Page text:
BU Today


Corporate Education Center sold to TechSkills

Land and building remain with BU

TechSkills will lease space from BU at the BUCEC location in Tyngsboro.

Boston University recently sold its Corporate Education Center (BUCEC) to TechSkills, a career training company based in Austin, Tex., that specializes in information technology, health services, and business skills.

BUCEC, which offers business, management, and project management training, as well as information technology training and certificate programs, will continue to be based in Tyngsboro, Mass., and will operate autonomously under the BUCEC name. TechSkills, one of the country’s largest corporate-owned education companies, with 30 learning centers in 17 states, also acquired BUCEC’s courseware. Terms of the deal were not disclosed.

TechSkills will lease space from BU at the Tyngsboro location, and BUCEC will serve its customers in the same manner as before the August 21 sale. The center’s executive team, which was retained in the transaction, expects the new operation to expand into the professional education market.

“Combining these two organizations will enable BUCEC to provide even higher levels of service and an expanded range of offerings to customers,” says John Bonnano, Corporate Education Center president. TechSkills campuses nationwide are now available to host BUCEC programs.

According to Joseph Mercurio, BU’s executive vice president, a majority of the 38 employees of the center offered positions with the new organization have accepted, 8 employees were retained by BU to operate the facilities, and 17 positions were eliminated. “The 17 employees who were laid off were provided with severance benefits by the University and outplacement services by an outside firm,” says Mercurio, “and they will be given preference for any internal positions for which they are qualified.”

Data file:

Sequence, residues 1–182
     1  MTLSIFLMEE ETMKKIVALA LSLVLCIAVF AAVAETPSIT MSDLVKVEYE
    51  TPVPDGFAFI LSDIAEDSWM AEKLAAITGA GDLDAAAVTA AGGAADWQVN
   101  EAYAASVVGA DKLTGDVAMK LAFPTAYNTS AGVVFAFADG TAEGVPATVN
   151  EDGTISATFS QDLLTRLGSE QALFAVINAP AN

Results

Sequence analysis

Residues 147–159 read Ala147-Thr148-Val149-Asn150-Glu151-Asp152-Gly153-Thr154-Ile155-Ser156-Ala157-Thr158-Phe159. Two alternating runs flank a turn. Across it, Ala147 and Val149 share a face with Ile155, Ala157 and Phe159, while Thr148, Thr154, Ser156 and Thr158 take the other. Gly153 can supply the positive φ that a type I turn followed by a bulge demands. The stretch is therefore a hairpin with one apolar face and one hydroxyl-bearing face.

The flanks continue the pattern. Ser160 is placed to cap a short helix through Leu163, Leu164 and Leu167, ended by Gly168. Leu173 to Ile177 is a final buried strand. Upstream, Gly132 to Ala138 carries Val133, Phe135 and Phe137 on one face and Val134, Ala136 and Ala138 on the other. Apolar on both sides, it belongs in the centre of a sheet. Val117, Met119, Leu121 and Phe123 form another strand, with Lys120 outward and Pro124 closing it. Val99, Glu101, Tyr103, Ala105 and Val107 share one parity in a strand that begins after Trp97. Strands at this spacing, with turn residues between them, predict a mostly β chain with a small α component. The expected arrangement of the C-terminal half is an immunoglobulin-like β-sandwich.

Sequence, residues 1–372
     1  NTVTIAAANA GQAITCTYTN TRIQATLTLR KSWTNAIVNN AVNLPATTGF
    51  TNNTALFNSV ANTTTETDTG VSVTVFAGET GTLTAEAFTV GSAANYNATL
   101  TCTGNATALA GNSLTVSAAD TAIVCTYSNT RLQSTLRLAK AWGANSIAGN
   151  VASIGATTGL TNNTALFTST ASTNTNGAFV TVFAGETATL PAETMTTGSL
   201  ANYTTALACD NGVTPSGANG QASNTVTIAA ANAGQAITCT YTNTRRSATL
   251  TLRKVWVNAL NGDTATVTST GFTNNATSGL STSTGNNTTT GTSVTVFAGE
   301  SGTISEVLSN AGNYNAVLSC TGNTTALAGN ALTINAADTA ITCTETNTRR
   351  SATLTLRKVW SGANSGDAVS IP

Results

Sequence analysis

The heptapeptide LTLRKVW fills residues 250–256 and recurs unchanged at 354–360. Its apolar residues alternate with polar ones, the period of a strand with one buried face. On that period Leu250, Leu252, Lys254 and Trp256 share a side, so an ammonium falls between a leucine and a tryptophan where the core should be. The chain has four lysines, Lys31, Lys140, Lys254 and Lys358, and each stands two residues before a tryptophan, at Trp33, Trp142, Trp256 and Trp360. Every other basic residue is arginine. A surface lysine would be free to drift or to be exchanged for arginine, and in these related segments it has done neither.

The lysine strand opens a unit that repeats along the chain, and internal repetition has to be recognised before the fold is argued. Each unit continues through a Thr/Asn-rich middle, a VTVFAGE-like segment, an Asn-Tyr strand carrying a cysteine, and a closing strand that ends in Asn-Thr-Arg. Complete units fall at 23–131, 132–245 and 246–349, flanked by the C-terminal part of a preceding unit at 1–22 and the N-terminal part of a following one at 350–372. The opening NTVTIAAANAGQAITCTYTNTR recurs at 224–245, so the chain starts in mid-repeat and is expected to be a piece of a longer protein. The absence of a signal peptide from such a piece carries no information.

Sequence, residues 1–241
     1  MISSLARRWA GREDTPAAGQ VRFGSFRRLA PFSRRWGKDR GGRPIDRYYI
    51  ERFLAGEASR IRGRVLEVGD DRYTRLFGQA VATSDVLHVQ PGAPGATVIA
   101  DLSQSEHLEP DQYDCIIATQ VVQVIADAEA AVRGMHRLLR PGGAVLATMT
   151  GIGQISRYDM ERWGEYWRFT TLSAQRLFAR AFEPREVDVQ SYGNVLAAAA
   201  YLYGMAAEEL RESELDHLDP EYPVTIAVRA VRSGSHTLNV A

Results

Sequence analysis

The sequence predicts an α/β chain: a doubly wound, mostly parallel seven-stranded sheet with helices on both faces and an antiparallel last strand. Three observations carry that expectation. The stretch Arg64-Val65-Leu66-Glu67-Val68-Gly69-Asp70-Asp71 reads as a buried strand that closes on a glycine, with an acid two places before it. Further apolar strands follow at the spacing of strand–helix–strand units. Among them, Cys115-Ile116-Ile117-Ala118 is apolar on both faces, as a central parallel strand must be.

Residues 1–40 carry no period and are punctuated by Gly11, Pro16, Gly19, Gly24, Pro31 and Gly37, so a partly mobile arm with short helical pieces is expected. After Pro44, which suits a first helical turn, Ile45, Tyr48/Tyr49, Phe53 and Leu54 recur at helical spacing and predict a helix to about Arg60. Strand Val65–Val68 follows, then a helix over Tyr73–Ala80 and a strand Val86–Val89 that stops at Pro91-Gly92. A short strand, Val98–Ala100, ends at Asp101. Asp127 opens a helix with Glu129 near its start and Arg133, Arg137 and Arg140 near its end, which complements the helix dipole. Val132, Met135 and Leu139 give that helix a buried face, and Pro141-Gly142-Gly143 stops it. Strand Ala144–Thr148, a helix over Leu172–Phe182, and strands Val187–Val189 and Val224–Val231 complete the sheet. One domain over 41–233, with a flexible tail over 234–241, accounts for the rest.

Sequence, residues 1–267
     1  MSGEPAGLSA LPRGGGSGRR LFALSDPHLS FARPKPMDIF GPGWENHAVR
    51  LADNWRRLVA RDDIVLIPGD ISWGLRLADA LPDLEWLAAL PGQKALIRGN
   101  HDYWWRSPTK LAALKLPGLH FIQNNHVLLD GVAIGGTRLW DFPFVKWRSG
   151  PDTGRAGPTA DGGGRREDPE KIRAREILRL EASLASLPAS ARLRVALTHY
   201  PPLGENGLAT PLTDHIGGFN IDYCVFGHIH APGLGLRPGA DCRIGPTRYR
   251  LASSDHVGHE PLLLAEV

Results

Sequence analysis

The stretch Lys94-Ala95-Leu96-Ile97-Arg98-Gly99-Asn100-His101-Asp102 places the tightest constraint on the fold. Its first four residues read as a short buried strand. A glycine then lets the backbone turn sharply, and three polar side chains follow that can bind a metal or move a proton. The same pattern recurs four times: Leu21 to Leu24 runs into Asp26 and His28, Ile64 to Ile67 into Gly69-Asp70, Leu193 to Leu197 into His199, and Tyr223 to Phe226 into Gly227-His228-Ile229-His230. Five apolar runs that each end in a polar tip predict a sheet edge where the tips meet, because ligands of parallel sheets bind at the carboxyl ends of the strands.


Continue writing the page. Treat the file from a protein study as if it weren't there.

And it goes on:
Kevin Paulsen, TechSkills CEO and president, says that BUCEC is a well recognized and “highly respected provider of professional development and management training, with an outstanding team. It is an exceptional complement to the wide range of adult career education” that TechSkills currently provides.

Mercurio says that the sale is an opportunity for BU to “get back to its roots” by transferring a set of training products it developed to an organization that specializes in corporate training. “We can thereby redeploy our resources back into the core mission of the University: teaching and research.” The training programs sold to TechSkills “have value,” he says, “but don’t necessarily blend directly with the type of academic activity that ordinarily takes place at Boston University.”